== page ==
Juniper Networks is releasing a new range of routers aimed specifically at business as an alternative to Cisco kit. The new J-Series products, which will be available in the UK from September, will run a version of the modular Junos operating system.
The company claimed the market was ripe for the new routers. No-one has been able to dent Cisco's dominant market share the way Juniper has in carrier routing. "There's clearly an opportunity for somebody to step up and be the number two vendor," agreed Zeus Kerravala, an analyst at The Yankee Group.
So it's Juniper's turn with the J-Series. The routers have three models: the 2300, 4300 and 6300. The 2300 is an 8Mbit/s device with two WAN ports. The 4300 is a 16Mbit/s router with six WAN ports and the 6300 is a 90Mbit/s device also with six WAN ports. All have two Fast Ethernet ports and will be priced at less than $2,000, as are Cisco's. The UK prices have not yet been published.
One challenge, however, is that access routers are much more price sensitive than the high-ticket core routers Juniper sells. "It's bad news for anybody whose business model isn't oriented toward providing low-cost commodity products," says Michael Kennedy, co-founder of Network Strategy Partners. "To be successful, Juniper has to change its business model."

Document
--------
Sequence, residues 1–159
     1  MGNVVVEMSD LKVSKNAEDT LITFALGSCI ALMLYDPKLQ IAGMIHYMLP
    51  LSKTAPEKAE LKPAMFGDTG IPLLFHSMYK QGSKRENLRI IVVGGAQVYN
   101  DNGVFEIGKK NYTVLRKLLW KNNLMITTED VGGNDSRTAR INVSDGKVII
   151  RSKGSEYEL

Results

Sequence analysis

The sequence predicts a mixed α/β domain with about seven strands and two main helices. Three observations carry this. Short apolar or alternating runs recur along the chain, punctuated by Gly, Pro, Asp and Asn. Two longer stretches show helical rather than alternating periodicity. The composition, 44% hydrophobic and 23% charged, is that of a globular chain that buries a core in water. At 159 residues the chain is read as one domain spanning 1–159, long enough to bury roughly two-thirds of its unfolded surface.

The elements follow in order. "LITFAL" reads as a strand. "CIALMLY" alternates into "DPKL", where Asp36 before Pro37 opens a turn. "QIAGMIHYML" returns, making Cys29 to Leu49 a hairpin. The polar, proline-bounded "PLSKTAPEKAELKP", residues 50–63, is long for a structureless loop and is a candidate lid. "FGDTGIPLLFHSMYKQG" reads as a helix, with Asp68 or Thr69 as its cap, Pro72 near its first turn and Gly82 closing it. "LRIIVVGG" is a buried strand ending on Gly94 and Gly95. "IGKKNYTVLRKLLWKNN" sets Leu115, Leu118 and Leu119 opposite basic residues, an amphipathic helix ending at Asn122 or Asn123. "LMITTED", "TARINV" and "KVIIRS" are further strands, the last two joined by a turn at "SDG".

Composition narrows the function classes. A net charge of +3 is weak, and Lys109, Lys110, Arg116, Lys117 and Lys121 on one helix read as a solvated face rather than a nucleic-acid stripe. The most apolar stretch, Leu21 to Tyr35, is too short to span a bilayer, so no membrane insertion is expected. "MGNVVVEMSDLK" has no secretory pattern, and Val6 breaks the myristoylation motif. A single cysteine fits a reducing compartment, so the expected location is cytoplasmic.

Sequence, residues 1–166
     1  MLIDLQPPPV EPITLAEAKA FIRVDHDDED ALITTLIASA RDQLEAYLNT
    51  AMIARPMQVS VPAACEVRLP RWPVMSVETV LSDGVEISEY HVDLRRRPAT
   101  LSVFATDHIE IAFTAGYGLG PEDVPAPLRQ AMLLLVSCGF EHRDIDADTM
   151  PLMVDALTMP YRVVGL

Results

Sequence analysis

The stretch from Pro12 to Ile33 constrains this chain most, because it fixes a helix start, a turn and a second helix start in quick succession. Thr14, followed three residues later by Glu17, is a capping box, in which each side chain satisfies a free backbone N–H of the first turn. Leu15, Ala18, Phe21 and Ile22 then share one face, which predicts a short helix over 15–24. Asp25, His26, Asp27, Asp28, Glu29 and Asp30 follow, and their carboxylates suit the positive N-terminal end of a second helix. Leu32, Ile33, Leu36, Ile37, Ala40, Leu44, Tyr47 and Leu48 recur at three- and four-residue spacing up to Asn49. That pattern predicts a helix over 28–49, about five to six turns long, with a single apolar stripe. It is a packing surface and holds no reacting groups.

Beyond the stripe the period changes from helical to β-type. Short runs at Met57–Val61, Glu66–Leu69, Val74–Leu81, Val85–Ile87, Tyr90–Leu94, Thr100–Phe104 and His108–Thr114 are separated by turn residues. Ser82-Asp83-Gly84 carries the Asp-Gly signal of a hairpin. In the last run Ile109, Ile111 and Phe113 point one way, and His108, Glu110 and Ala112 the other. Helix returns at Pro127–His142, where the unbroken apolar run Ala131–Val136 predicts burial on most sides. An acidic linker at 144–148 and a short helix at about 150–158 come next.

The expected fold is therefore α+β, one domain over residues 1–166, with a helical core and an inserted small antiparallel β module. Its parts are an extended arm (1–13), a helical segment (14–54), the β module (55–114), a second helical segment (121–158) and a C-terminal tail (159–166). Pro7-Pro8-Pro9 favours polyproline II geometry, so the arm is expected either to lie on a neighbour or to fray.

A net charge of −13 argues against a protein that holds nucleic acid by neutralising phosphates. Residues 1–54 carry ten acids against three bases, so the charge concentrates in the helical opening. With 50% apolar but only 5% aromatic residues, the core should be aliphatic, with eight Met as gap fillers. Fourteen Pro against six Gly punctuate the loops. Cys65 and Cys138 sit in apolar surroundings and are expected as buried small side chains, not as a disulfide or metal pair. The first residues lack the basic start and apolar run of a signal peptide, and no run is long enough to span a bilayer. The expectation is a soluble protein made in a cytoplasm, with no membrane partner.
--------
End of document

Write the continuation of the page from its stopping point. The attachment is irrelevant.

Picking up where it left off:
Juniper's Peter Crowcombe, head of corporate marketing for Juniper UK, said that the company was not expecting an overnight success, but he pointed out that the company had made inroads into the core routing market and he saw the challenge as broadly similar. He said that the company would not be competing on price alone, as there would be little difference between Juniper and Cisco pricing, although he said that Juniper would be offering more performance for the price.
One of the key advantages would be that Junos is a modular system so if there any problems with a particular part of the install, there was no need to reboot the entire process. It is also easier to upgrade.
But one remaining issue is the sales channel. Jim Dolce, its vice president of worldwide field operations said that the company would be able to access the new market easily. "The distribution channel that we've brought on with the acquisition of NetScreen is well suited for this product," he says, referring to the 400 resellers Juniper inherited from its $4 billion acquisition of NetScreen early this year. However, Crowcombe said that in the UK, the company was looking carefully at the channel as not all the partners would be appropriate. "Some might not be suitable for supporting routers as they're very heavily focused on security products," he said.
Crowcombe also admitted that an issue for Juniper would be the lack of experienced staff and that managers would find it easier to get hold of engineers with experience of Cisco. "But routing is not the most complex technology in the world," he said. "The underlying technology is the same, it's just the instructions that are different. It's a tough challenge, but we did it with the core routers."